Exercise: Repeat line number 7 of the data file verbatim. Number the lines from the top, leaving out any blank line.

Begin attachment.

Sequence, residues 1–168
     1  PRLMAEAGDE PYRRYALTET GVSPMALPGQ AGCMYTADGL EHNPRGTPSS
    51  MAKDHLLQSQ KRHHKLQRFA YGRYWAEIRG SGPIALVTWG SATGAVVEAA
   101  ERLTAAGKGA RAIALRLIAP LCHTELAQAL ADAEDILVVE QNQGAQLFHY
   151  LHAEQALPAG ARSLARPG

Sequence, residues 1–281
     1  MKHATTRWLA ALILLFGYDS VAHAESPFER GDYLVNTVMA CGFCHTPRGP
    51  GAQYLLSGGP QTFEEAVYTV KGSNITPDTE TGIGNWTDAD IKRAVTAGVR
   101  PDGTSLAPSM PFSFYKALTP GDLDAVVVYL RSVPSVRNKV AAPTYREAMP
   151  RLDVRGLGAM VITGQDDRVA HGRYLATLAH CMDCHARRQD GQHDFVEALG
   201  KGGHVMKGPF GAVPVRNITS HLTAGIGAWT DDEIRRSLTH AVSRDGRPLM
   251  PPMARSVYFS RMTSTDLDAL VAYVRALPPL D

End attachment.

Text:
     1  MKHATTRWLA ALILLFGYDS VAHAESPFER GDYLVNTVMA CGFCHTPRGP